Background: Spinal Epidural Lipomatosis (SEL) is an excessive fat deposition in the spinal canal which can lead to compression of nervous structures. SEL is a rare but recognised side effect of exogenous steroid excess. There are only six previously reported cases of SEL associated with endogenous steroid excess in the available literature. We present a case of SEL, caused by Cushings disease, that presented in the immediate post-operative period.
Case: A 17-year old man presented with increasing stretch marks for 1 year, two stone weight gain within 6 months, lower limb weakness, poor mobility, pedal oedema and loss in height. He had a history of bronchial asthma, which was well controlled with beclomethasone inhaler. On examination, he displayed typical Cushingnoid features such as facial plethora, widespread striae covering torso and limbs and proximal myopathy. He was obese and hypertensive. Investigation showed that he had hypokalemia, low testosterone and low gonadotrophins levels. His 24 hour urinary free cortisol was 4411 nmol/l, serum cortisol (overnight dexamethasone suppression test) 696 nmol/l and ACTH 146 ng/l, confirming he had ACTH dependent Cushings disease. Initial MRI failed to reveal pituitary adenoma. He was then commenced on metyrapone and dexamethasone block and replacement therapy. Subsequent SPGR MRI confirmed 5 mm pituitary microadenoma. IPSS also confirmed that pituitary was the source of excess ACTH secretion. On day 1 post-transphenoidal surgery, he became paraplegic with increased tone, power 2/5 and reduced sensation from T2 level. MRI spine showed increased fat deposition in spinal canal from T2 to T9. A conservative approach for spinal epidural lipomatosis (SEL) was adopted. He was transferred to a rehabilitation facility and has gradually regained his mobility. This case illustrates a rare but serious complication of endogenous steroid excess and an additional cause of leg weakness in Cushings patients.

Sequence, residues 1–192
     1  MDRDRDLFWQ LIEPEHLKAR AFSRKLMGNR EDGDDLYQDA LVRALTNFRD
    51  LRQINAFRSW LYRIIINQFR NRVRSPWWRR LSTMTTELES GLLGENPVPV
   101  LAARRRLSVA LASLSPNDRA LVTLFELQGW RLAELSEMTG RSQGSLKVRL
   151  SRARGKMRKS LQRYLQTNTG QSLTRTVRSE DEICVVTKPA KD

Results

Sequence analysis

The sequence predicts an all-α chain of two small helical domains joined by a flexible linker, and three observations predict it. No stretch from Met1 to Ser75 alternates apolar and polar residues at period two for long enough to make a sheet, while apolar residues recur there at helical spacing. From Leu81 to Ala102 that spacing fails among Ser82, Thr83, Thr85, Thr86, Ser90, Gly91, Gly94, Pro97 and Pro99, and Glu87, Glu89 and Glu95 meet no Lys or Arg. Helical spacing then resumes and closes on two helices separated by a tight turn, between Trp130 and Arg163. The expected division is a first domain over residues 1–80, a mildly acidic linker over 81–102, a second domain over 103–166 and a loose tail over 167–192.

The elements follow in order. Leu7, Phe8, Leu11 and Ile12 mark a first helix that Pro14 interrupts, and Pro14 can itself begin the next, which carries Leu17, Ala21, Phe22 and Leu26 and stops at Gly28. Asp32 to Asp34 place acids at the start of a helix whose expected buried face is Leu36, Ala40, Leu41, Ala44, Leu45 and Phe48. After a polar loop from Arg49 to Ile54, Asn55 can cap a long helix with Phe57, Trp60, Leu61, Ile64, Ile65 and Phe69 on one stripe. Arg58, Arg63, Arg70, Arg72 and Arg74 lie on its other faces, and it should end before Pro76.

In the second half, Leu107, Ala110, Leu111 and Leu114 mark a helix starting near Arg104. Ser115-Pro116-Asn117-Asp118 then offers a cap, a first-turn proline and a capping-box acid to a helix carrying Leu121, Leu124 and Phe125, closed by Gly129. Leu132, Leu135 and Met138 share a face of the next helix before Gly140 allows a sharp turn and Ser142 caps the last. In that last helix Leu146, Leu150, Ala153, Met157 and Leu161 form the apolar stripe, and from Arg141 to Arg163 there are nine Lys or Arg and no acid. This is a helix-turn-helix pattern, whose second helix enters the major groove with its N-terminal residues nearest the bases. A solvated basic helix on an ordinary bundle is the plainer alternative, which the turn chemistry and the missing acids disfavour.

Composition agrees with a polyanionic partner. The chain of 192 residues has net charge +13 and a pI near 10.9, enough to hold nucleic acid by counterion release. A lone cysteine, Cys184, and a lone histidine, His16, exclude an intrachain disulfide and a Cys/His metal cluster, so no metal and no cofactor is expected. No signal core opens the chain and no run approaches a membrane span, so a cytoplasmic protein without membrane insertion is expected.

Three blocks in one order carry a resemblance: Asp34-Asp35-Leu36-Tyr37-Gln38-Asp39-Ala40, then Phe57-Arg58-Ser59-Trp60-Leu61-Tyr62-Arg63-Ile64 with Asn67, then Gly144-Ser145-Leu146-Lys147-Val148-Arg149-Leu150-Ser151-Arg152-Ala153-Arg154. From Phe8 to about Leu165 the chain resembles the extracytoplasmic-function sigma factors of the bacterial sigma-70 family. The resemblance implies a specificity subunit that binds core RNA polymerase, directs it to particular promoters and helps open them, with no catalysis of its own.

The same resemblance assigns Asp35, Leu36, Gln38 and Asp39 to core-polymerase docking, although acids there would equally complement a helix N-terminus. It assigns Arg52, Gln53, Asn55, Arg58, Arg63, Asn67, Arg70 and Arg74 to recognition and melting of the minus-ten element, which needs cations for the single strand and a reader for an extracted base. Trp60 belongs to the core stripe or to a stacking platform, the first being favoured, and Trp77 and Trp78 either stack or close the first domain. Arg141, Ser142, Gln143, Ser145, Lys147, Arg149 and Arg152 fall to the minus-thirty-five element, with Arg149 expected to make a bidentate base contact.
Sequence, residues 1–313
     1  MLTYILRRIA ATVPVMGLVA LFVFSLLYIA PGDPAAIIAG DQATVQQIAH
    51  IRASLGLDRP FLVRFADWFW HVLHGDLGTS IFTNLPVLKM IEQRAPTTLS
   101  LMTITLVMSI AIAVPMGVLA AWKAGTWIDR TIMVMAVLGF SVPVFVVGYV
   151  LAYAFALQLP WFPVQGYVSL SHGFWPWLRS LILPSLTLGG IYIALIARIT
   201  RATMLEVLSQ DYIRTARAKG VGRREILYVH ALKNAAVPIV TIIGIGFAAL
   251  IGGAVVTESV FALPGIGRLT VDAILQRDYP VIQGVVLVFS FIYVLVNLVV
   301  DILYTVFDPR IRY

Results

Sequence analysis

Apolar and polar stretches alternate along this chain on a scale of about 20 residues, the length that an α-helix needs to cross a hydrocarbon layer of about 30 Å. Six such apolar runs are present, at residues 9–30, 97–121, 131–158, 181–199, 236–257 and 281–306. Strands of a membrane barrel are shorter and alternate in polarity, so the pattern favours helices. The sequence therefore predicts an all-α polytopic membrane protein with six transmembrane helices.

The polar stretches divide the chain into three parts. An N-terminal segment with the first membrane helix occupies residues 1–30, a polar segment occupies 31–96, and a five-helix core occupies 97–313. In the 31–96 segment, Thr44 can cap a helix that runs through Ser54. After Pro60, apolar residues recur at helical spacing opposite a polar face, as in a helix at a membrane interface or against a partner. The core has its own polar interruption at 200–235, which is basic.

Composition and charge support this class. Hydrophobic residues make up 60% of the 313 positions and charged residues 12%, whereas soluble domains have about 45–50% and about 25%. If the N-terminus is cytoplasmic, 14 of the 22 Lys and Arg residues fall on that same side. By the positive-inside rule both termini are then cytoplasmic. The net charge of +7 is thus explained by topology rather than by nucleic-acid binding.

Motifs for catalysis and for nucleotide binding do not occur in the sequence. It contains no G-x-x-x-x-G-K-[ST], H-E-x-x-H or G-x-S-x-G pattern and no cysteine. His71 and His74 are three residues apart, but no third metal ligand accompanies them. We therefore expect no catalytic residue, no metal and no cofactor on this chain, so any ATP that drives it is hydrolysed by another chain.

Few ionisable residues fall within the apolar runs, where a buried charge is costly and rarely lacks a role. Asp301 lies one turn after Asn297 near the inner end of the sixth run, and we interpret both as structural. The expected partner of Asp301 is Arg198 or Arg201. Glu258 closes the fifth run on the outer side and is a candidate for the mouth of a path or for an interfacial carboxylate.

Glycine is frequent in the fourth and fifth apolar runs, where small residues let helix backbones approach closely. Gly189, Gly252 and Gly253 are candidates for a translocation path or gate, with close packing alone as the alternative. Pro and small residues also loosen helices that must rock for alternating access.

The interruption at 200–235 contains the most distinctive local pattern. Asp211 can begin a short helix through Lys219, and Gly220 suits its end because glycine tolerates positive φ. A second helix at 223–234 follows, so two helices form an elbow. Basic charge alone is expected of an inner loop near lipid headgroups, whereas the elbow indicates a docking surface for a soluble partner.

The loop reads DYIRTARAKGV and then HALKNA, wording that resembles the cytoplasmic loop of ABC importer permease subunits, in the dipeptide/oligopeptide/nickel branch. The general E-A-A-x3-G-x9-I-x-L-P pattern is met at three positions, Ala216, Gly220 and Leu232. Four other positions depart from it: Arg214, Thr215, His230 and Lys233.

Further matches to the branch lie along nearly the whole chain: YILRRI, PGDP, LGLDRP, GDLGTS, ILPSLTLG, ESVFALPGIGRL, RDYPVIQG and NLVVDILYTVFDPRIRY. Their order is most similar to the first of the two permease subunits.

18 - 21 May 2019
European Society of Endocrinology